Evolution of the Global Solar Magnetic Field over 4 Solar Cycles: Use of the McIntosh Archive

Thursday, July 26, 2018

The McIntosh Archive consists of a set of hand-drawn solar Carrington maps created by Patrick McIntosh from 1964 to 2009. McIntosh used mainly H, He-I 10830Å and photospheric magnetic measurements from both ground-based and NASA satellite observations.

Butterfly-type plots of all of the McA data processed to date
Butterfly-type plots of all of the McA data processed to date starting with CR 1513 in October 1966 and ending with CR 2086 in July 2009. The Year scale is at the top and the CR scale at the bottom. This plots for each CR all sunspots (orange), the poleward-most filament boundaries (green), and the poleward-most CH boundaries (red and blue). As in Figure 6a, circles (diamonds) indicate the most northward (southward) extensions of CH boundaries for each CR, and red and blue indicate magnetic polarity.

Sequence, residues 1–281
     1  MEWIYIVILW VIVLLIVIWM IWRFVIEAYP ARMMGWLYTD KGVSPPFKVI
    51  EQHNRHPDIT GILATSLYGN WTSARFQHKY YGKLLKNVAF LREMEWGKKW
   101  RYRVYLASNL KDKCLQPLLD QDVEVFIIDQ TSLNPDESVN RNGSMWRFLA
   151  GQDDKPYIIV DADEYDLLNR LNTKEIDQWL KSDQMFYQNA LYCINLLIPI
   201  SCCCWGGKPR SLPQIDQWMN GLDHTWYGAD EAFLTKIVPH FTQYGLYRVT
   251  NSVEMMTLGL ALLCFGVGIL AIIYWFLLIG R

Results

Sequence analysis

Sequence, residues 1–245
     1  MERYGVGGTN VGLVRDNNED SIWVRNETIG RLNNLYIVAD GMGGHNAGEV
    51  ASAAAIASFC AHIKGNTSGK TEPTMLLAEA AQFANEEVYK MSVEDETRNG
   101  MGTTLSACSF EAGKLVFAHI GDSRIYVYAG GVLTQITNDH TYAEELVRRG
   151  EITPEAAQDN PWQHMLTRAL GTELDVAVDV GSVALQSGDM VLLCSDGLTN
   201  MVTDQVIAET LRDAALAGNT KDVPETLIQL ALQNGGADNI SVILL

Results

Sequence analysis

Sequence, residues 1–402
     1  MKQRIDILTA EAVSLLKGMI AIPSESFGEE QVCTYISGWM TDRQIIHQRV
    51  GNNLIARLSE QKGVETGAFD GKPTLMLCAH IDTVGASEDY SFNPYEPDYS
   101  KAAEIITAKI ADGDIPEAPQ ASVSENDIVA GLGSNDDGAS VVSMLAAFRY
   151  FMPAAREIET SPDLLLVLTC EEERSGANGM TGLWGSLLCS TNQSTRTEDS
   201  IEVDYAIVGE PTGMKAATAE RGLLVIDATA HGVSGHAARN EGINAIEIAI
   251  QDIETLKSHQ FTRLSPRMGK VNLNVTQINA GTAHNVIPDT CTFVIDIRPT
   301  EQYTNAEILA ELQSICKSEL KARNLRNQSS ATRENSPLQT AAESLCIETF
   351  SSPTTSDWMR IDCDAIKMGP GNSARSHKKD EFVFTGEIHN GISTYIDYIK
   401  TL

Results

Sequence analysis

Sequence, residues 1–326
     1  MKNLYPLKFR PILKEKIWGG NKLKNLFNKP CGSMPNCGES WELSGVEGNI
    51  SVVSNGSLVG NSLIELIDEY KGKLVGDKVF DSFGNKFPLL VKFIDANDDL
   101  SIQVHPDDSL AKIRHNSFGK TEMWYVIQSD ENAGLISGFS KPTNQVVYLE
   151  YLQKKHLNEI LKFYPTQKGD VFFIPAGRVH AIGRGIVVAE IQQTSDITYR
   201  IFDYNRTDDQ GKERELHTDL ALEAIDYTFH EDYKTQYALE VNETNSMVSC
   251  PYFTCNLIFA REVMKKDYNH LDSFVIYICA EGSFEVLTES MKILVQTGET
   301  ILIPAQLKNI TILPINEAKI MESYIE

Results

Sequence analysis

With these he traced polarity inversion lines (PILs), filaments, sunspots and plage and, later, coronal holes, yielding a unique ~45-year record, over four complete solar cycles, of synoptic maps of features associated with the large-scale organization of the solar magnetic field. We first discuss how these and similar maps have been used in the past to investigate long-term solar variability. Then we describe our work in preserving and digitizing this archive, developing a digital, searchable format, and creating a website and an archival repository at NOAA’s National Centers for Environmental Information (NCEI). Next we show examples of how the data base can be utilized for scientific applications. Finally, we present some preliminary results on the solar-cycle evolution of the solar magnetic field, including the polar field reversal process, the evolution of active longitudes, and the role of differential solar rotation.

Publication Name: Frontiers in Space Sciences

First HAO Author's Name: Sarah Gibson

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